Wed Mar 22, 2017 9:13AM
Kurdish fighters from the People's Protection Units (YPG) walk along a street in the southeast of Qamishli city, Syria, April 22, 2016. (Photo by Reuters)
Kurdish fighters from the People's Protection Units (YPG) walk along a street in the southeast of Qamishli city, Syria, April 22, 2016. (Photo by Reuters)

Cross-border tensions are rising between Kurdish militias in Syria and Turkey's military after a Turkish soldier was fatally shot from a Kurdish-controlled area in northwestern Syria.

On Wednesday, the Turkish army said the soldier had been shot to death in Hatay Province by a sniper on the Syrian side of the border.

Shortly after the incident, Turkish forces returned fire and shelled Syrian villages in the predominantly-Kurdish border region of Afrin, said the US-backed Kurdish People’s Protection Units (YPG), which is viewed as a terrorist group by Turkey.

According to the YPG, at least 10 civilians were wounded in the Turkish assault. The group has threatened to take reciprocal action.

“The Turkish army shelling is continuing,” YPG spokesman Redur Xelil told Reuters, adding, “Any response by our forces in this region comes as self defense.”

Ankara considers the Kurdish forces as an extension of the outlawed Kurdistan Workers’ Party (PKK), which has long been fighting for autonomy on Turkish soil.

The YPG makes up the bulk of the so-called Syrian Democratic Forces (SDF), a US-backed coalition of fighters who have seized swathes of territory from Daesh terrorists in northern Syria.

Nearly two-thirds of the 30,000 SDF militants belong to the YPG. The US support for the SDF has enraged Turkey.

The militia has been playing a major role in liberating Raqqah, the self-proclaimed headquarters of Daesh that fell to the terrorists in March 2013.

Raqqah push

In another development, Syrian Kurdish militias have given assurances that they will not enter the northern Syrian city of Raqqah as part of an upcoming operation to drive out Daesh terrorists from their main stronghold in the Arab state.

Syrian Democratic Forces (SDF) fighters ride on vehicles in the north of Syrian city of Raqqah on February 5, 2017. (Photo by Reuters)

Rodi Othman, director of the Syrian Kurds’ representative office in Russia, said militants from the Kurdish People’s Protection Units (YPG) will only engage Daesh terrorists in the vicinity of Raqqah, without entering the city, located near the Turkish border, the London-based Asharq al-Awsat newspaper reported.

YPG militants, he said, will assist local tribal forces in their combat against Daesh terrorists at the outer boundaries of the city, adding that currently around 1,000 members of al-Shaitat Tribe are being trained in preparation for the liberation offensive, which is expected to start next month.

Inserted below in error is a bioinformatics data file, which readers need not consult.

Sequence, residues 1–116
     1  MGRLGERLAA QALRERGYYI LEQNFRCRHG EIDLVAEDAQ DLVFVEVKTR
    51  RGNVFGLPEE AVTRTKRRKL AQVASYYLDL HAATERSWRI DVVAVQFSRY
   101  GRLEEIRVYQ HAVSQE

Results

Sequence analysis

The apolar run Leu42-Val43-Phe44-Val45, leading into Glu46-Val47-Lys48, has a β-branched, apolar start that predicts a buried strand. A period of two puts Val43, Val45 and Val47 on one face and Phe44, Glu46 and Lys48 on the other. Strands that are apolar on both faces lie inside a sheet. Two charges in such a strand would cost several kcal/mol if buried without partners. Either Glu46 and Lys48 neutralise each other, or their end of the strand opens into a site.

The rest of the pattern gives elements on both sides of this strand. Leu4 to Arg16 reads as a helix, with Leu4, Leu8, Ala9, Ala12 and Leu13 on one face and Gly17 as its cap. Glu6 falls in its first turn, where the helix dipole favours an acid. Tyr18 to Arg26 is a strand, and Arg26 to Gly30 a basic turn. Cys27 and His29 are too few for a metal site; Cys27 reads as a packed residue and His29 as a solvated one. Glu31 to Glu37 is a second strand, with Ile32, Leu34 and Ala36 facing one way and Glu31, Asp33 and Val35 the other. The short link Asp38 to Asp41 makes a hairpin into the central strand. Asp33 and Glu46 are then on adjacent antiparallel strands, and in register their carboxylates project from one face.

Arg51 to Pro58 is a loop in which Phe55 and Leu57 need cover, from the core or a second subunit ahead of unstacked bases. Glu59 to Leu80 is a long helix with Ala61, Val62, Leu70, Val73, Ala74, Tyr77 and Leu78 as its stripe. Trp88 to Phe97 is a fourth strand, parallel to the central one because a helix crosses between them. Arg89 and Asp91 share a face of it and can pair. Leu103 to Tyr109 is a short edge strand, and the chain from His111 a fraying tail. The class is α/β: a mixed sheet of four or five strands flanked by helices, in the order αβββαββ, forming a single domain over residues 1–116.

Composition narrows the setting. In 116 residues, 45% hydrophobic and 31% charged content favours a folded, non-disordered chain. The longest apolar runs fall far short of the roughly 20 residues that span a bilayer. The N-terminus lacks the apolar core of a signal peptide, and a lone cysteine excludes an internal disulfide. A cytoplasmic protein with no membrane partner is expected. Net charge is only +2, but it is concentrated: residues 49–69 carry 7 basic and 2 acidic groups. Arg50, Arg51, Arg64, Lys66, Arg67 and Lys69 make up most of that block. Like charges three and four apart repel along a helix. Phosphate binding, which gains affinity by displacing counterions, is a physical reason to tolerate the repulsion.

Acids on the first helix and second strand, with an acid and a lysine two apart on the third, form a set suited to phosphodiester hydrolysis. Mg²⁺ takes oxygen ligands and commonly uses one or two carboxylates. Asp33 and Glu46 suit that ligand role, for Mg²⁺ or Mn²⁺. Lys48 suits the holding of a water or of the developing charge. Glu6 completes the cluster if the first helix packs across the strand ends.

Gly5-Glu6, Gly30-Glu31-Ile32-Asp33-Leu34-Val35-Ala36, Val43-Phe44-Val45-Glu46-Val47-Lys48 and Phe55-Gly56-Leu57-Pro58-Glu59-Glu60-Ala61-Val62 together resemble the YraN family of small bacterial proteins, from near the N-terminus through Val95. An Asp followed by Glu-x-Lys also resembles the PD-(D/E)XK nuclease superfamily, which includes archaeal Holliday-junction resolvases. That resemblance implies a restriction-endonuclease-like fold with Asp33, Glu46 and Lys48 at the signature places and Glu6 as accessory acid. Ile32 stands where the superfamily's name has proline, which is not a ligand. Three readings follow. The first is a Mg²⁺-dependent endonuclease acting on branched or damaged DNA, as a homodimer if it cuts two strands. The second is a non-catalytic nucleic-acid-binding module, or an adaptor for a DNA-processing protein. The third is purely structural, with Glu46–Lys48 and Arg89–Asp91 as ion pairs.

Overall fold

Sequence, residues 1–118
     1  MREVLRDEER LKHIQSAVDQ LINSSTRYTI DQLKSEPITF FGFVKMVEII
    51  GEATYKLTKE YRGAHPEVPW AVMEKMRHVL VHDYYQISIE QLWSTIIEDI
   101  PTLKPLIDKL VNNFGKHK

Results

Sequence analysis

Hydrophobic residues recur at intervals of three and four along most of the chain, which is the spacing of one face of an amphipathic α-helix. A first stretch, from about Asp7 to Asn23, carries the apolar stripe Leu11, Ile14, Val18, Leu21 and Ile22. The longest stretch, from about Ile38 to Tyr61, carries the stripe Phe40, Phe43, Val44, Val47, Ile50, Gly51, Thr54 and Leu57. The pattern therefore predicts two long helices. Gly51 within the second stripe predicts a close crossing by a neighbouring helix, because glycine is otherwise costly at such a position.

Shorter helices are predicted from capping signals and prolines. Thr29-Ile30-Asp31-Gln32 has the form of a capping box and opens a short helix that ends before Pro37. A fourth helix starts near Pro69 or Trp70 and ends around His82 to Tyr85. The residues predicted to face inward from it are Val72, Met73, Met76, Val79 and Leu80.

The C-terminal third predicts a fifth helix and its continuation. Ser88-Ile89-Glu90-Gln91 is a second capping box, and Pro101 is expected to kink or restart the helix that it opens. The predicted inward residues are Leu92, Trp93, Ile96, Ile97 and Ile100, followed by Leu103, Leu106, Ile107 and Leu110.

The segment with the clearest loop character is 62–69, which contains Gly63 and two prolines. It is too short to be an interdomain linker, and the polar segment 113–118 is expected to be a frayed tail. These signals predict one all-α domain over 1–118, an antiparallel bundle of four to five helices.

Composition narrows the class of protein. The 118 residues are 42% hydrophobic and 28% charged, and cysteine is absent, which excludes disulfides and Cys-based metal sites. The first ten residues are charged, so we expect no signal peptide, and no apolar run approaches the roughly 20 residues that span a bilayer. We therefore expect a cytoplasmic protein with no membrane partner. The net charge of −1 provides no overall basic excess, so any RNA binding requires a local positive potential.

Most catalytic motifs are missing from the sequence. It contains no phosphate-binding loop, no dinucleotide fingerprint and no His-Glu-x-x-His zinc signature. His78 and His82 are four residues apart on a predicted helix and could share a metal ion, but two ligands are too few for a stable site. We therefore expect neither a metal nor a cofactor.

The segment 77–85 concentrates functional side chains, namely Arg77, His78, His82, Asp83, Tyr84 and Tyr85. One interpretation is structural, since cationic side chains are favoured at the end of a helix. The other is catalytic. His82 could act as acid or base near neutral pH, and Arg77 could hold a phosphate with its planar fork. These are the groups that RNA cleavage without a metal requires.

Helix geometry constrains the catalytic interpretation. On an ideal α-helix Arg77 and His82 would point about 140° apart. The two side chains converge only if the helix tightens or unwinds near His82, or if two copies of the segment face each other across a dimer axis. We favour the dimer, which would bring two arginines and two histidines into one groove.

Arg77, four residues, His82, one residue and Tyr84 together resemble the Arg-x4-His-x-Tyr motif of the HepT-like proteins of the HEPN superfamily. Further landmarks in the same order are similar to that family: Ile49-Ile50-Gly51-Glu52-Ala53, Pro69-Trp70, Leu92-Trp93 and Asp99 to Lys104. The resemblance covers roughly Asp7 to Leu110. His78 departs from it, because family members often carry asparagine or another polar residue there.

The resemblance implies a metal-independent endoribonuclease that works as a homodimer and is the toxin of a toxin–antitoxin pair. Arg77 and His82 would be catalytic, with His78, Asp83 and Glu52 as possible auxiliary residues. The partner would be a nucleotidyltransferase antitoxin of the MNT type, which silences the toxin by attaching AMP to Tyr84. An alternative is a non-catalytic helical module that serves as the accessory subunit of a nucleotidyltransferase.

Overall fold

According to the official, no strategy plan has so far been drawn up for the upcoming operation, which, he said, would be similar to the battle underway against Daesh in Mosul in neighboring Iraq.

Othman further said the Kurdish militias are part of the Syrian nation, rather than an independent entity fighting to gain more Syrian territory.

He added that YPG militias are focusing on defeating Daesh and helping the Syrian people recapture their land from the Takfiri terror group on their own.

Othman further stated that the US military will not directly participate in the YPG combat operations, but will provide the fighters with military advice and coordinate airstrikes against the terrorists.

YPG commander Sipan Hemo told Reuters last week that the operation to storm Raqqah was due to start in early April, and that YPG would make up a quarter of the force, comprising allied Arab militants, that would fight to take back the city.

 Turkey has deployed forces to northern Syria under the pretext of fighting Daesh, a move slammed by the central government as a violation of its sovereignty.

The Syrian army, backed by Russian airpower, is also engaged in separate battles against Daesh in the area.

Fatal US raids

Meanwhile, the so-called Syrian Observatory for Human Rights said Wednesday that at least 33 people lost their lives when US-led warplanes struck a school hosting displaced families south of the Daesh-held town of al-Mansoura in Raqqah Province a day earlier.

“They’re still pulling bodies out of the rubble until now. Only two people were pulled out alive,” said Observatory head Rami Abdel Rahman.

The US-led coalition has been conducting airstrikes against what is purported to be Daesh positions inside Syria since September 2014 without any authorization from the Damascus government or a UN mandate.

The coalition has repeatedly been accused of targeting and killing civilians. It has also been largely incapable of fulfilling its declared goal of destroying Daesh.